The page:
An easy exercise: stand tall, arms alongside the body and lift and bend one leg so that you draw your knee towards your chest. Stay for a minute or so and make little circles with your knee, while allowing the pelvis to move with the circles. Do the other leg. Repeat.
And of course, I’m announcing a workshop on back pain to the held at May 20. Please join me for a possibly life changing event! (Check out separate post!)
Since I’m a used to be academic and a theory nerd I have taken time to really dig into the subject of pain research. I would like to provide you the basic theoretical insights I have gathered about the topic, if you’re not into theory you can just skip this section and wait for the next post.
What is pain? For a long time, pain was seen as a sensation produced by injury, inflammation or other tissue damage. This is the ’old’ – the Cartesian – understanding of how pain occur. Nociceptors – pain receptors in the tissue send information about damage to the brain and thus we feel pain. In this sense pain is a sound reaction preventing us from causing more damage by not moving or touching the place that hurts. This view, however, has come to be altered with progressions in pain research. We know now that pain is utterly complex and there is more to it then just the physical, structural aspects.
”While sensory input may initiate pain or other bodily awareness, it is not the sole, or even the dominant, causal mechanism” (Chapman 1996).
Physical pain is tackled from many different academic fields, such as neuroscience, psychology and physiotherapy. I also look into non research-based knowledge in the area of back pain; the topic has been adressed by alternative practitioners of therapeutic body techniques, such as yoga. Neuroscience, the science of the nervous system, focuses on nerves and nerve impulses, hence it concerns a rather high level of abstraction of the body. Physiotherapy, on the other hand, is more practice-based in its approach and concerns a lower abstraction level of the body. While the two fields produce different knowledge output, one is not more right than the other, they complement each other in a nice way.
There are two theories that really pushed forward our understanding of the causes of pain. The first one is the gate control theory from 1965. The neurologists Ronald Melzack and Patrick Wall showed, through a number of experiments, that non painful input closes the ’gates’ to painful input, thereby preventing pain sensations from travelling to the central nervous system (the brain and the spinal cord). So by creating other sensations in the body we may prevent the nervous reaction causing pain. It is generally believed that the gate control theory provides evidence of the psychological aspects of pain perception.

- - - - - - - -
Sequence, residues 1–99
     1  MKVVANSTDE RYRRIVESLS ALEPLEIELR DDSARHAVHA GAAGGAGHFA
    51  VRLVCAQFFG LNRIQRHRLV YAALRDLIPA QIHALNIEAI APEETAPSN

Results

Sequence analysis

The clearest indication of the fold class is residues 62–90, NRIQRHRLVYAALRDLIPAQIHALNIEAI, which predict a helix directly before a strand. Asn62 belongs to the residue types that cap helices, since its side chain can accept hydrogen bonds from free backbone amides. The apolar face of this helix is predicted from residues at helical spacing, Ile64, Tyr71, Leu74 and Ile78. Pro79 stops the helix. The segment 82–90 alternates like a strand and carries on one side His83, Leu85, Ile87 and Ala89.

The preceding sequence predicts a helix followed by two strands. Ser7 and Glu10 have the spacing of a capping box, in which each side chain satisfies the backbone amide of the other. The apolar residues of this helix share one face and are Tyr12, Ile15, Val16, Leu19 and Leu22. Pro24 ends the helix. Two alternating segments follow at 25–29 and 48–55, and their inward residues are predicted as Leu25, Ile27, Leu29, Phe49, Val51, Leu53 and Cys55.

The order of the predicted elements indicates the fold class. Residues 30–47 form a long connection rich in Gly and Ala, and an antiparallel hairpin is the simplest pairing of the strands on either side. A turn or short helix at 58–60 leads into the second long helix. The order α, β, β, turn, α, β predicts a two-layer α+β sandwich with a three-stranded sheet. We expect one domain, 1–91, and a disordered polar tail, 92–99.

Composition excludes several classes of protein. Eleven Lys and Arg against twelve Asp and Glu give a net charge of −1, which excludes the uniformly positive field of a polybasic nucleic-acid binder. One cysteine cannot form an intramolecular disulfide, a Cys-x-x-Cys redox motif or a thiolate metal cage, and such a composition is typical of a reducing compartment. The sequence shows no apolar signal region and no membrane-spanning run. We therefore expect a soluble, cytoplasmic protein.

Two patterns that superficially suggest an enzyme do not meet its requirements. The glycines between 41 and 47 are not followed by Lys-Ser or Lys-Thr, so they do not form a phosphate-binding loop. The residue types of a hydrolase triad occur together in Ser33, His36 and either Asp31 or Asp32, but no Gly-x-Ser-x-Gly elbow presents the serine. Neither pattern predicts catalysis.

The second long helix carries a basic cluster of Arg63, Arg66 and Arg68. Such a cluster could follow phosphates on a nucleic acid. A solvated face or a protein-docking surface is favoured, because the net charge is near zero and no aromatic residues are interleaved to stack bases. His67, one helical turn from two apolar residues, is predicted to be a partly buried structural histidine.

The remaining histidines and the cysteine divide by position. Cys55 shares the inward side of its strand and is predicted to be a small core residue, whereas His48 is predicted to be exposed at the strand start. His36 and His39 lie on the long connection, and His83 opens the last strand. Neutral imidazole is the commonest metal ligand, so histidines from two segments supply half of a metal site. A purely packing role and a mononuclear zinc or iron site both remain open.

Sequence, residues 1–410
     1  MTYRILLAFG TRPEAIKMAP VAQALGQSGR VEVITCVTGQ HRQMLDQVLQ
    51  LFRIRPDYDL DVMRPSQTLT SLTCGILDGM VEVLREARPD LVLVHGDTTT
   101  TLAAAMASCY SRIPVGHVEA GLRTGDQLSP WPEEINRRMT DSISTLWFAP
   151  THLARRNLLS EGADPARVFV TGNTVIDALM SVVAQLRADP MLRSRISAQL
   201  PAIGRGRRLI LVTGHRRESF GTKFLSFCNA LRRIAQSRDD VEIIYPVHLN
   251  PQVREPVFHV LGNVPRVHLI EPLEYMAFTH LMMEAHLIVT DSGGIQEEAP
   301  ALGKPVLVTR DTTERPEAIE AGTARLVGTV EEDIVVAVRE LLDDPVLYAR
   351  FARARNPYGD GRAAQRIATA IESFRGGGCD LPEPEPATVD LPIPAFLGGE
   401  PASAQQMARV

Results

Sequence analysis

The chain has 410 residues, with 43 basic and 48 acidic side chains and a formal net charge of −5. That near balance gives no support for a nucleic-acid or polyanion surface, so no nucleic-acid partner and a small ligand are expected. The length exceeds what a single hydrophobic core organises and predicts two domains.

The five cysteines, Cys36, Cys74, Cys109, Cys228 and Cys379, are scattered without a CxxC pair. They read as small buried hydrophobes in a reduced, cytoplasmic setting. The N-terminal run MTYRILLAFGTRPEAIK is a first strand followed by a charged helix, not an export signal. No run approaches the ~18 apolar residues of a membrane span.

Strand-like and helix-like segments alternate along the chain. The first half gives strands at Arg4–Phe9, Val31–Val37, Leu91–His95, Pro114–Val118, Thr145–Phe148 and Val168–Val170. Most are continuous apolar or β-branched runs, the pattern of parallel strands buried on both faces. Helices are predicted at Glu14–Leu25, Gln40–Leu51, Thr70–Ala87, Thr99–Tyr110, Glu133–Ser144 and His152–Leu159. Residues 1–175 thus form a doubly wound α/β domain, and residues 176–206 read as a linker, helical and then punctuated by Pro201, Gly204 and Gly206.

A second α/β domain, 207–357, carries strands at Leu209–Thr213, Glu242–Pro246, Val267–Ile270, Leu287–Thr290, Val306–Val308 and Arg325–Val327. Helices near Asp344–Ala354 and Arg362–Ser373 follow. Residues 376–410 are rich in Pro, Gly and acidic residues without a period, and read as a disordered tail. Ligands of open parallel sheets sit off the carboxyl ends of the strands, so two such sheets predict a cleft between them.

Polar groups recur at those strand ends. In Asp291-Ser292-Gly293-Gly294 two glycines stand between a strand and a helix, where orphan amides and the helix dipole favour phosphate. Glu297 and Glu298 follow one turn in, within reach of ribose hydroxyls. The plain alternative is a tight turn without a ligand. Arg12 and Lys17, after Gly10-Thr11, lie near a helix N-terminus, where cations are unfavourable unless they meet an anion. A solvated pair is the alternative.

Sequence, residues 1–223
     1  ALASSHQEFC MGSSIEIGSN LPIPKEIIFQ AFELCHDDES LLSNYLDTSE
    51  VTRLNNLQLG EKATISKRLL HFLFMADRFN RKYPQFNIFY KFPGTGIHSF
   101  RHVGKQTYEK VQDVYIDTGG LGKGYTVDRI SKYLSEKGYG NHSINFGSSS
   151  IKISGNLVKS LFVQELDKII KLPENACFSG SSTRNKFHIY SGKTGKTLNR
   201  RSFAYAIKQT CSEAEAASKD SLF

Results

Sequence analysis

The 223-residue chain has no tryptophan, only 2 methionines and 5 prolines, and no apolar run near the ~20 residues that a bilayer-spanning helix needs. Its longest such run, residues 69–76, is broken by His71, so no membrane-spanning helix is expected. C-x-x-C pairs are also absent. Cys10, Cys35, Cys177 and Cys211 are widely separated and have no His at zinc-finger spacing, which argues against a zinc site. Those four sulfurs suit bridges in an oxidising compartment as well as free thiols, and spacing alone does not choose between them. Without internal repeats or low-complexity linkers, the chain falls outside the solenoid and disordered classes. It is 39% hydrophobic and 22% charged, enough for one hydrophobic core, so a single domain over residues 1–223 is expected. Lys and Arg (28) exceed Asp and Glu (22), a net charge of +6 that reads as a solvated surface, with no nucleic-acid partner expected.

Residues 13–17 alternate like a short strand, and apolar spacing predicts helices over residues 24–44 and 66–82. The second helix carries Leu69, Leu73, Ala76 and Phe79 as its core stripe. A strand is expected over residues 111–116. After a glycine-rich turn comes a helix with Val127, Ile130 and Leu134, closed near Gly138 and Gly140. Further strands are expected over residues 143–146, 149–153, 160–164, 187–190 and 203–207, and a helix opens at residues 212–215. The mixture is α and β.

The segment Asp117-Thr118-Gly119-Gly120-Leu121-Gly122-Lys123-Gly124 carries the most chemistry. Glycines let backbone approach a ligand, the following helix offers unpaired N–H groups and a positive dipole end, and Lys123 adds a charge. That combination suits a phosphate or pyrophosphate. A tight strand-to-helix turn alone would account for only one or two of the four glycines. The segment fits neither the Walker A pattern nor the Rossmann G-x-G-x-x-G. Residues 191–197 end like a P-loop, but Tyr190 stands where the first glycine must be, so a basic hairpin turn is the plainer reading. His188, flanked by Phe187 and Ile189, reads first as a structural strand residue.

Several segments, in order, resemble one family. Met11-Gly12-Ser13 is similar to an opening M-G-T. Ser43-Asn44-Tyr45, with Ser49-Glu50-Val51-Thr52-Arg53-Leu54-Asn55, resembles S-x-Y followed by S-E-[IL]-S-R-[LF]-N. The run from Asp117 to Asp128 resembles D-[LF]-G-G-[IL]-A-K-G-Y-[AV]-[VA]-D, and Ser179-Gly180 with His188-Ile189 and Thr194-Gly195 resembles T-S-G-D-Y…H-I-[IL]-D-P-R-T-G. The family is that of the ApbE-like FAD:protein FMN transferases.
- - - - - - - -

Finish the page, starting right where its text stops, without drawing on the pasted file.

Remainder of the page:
Ronald Walzack continued to work on the gate control theory, however, and later developed the neuromatrix theory of pain. Basically Walzacks insights came from studying phantom limb pain, reflecting on the fact that patients experience pain in a body part even though there is no body part there to feel. The neuromatrix theory of pain states that pain is produced by the central nervous system instead of the peripheral nervous system. Nociception, pain signals, travel from damaged tissue, via the peripheral nervous system, into the central nervous system. These are one part of what causes us to experience pain. The matrix, however, is made up of a network of neurons that consists of loops between the thalamus and the cortex, as well as between the cortex and the limbic system. Hence, pain is caused by this network, and by a characteristic pattern, the neurosignature, defining all the nerve impulses within the neuromatrix.
Does it seem a bit too complicated to grasp? In short it means that pain is in the brain more than in the body. Internal nerve impulses may be nociception – nerves sending signals about tissue damage. Nociception is an internal stimuli, it comes from within the body, just like an inflammation, a slightly irritable bowel, or stress. But nerve impulses in the neuromatrix comes from internal as well as external stimuli, that is, from changes taking place outside of our bodies as well as changes inside of our bodies. External stimuli could be we hear someone tell us we are strong, or weak, or maybe we read about someone having a strange and paralyzing disease that started out with a sore lower back. It could also be that we engage in some activity that we love to do and that makes us forget about the pain. Each part of the neuromatrix contributes to various aspects of the pain experience, the sensory, the emotional, the cognitive, motoric, behavioural, and conscious aspects of pain.
In short, pain is a nervous system condition rather than a structural, physical, condition. In the next post, I will look deeper into the causes of pain from a yogic perspective, how can we make sense of the complexity of pain and its connections to our general state of mind and all other things that provide inputs into the neuromatrix?